The Advertising Standards Authority is launching an investigation into consumers’ ability to recognise online “ads as ads” following fears that the wave of commercial deals between brands and social media influencers and publishers is resulting in a “blurring of the lines” between advertising and editorial content.
That, in turn, has led to confusion and frustration among consumers, as well as uncertainty among influencers and online publications, about when and how content should be labelled as advertising, the watchdog said.
It argues that if people are unaware they are being advertised to, it is not only misleading but it also damages trust in advertising.
The “call for evidence” will form one part of the ASA’s ongoing work in this area and is the starting point for helping it explore whether it is getting it right on ad labelling online. The move follows a number of rulings against campaigns featuring social media influencers, which were deemed to have been flouting the rules.
The ASA believes the investigation will ensure it advises and regulates the ad industry in a way that is in tune both with how evolving digital platforms work and, most importantly, with people’s expectations and experience.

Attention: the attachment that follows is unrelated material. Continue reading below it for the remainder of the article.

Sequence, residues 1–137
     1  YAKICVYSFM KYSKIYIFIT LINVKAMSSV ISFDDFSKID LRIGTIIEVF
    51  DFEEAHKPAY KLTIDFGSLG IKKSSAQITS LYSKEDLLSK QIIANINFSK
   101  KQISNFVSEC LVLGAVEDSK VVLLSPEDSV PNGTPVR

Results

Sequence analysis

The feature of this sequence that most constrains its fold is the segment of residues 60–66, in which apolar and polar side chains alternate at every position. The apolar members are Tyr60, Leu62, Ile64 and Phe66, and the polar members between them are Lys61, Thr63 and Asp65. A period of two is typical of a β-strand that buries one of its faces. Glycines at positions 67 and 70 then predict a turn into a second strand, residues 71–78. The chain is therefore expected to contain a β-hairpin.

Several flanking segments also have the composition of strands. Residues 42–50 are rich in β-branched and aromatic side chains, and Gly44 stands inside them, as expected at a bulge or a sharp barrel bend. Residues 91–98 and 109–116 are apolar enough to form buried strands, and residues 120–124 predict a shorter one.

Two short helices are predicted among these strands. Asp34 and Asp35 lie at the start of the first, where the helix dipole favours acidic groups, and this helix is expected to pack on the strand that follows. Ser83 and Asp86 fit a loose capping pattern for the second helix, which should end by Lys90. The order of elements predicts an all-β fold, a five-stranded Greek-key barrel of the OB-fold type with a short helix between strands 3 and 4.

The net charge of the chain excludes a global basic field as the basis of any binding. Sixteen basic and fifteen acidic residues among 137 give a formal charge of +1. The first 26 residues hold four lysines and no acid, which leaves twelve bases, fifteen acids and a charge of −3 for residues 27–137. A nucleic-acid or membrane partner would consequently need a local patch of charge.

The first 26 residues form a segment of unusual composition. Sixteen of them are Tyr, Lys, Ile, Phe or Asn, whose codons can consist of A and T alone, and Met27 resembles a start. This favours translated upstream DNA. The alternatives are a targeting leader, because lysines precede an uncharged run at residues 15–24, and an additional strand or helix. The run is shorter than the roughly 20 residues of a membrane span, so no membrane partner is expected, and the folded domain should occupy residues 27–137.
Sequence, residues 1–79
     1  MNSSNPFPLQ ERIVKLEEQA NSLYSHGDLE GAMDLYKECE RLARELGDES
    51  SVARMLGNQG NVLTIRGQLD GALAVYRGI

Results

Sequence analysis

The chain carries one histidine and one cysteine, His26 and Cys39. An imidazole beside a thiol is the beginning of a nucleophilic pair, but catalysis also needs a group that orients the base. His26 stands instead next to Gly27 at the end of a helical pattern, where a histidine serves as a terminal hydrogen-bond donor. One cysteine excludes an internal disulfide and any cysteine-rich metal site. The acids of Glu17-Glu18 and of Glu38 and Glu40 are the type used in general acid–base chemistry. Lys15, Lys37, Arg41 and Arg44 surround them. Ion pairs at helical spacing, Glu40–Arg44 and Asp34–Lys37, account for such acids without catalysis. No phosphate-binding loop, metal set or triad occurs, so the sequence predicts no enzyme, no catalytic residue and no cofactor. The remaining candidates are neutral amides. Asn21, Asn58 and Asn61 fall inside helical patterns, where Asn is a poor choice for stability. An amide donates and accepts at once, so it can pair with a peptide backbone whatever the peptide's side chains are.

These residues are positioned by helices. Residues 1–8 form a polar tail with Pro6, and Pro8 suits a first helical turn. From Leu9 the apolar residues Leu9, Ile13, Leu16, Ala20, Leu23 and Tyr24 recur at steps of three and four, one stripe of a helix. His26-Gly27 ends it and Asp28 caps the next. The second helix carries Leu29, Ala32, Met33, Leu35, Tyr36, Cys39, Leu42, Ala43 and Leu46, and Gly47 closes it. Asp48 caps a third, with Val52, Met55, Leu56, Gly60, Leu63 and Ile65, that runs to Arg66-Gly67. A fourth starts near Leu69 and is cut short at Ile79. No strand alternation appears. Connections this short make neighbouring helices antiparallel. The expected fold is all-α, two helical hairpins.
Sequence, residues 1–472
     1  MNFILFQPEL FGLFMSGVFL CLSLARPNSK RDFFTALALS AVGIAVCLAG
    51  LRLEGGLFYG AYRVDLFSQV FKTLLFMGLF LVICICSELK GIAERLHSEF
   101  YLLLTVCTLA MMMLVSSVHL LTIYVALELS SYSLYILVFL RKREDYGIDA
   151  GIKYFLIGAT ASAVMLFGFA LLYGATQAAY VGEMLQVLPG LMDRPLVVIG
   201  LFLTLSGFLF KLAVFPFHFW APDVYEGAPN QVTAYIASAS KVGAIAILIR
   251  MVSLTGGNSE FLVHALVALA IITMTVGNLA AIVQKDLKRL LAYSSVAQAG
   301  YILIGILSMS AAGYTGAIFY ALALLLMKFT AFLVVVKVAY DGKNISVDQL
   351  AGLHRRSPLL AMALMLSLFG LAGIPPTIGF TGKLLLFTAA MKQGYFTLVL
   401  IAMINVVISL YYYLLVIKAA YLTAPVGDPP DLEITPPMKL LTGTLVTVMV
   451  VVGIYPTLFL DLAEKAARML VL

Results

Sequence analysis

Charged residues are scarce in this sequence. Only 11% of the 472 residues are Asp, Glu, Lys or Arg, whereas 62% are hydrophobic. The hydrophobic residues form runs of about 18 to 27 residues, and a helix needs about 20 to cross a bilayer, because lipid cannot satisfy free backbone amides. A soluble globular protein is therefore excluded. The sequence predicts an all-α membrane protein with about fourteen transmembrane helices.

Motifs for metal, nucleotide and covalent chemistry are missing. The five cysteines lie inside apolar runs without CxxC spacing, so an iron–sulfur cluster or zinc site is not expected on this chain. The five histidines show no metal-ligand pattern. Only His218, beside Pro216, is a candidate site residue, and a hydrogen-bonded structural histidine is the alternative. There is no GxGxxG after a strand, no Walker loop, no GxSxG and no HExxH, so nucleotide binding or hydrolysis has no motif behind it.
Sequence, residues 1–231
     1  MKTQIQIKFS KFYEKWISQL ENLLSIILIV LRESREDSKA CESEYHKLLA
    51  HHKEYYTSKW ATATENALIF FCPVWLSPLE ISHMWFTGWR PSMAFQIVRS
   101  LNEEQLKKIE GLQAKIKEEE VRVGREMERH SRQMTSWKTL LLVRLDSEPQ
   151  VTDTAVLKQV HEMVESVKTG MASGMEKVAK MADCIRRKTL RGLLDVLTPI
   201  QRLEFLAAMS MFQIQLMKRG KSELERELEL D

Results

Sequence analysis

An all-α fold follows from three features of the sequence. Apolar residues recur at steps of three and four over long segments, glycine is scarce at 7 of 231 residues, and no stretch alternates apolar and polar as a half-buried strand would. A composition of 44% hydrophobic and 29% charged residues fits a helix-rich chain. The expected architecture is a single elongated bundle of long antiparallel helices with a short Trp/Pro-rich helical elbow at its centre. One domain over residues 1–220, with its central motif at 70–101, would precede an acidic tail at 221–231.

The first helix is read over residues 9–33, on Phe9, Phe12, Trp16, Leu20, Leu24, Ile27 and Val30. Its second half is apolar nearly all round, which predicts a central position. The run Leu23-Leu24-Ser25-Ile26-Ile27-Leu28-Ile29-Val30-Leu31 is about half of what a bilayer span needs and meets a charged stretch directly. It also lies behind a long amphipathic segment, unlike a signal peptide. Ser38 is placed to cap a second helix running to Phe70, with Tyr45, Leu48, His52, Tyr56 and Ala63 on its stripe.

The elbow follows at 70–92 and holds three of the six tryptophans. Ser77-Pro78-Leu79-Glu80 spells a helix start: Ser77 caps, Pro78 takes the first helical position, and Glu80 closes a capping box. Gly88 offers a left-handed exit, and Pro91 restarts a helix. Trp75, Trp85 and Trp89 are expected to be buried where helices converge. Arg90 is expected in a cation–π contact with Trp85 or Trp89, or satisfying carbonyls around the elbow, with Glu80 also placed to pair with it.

Dale Lovell, co-founder and chief marketing and partnership officer of ad platform AdYouLike, welcomed the move but added: “Consumers are far, far savvier than we give them credit for. Most consumers instinctively understand if something is an advertisement or not. Disclosure is everything with native advertising and brands should be happy to label their content as promoted by them.
“For content creators this means treating your target audience like real people – disclose that the content is an advertisement. Consumers really don’t care if it’s an ad or not – what they care about is that it is good content that entertains or informs them and adds value to their digital lives.”
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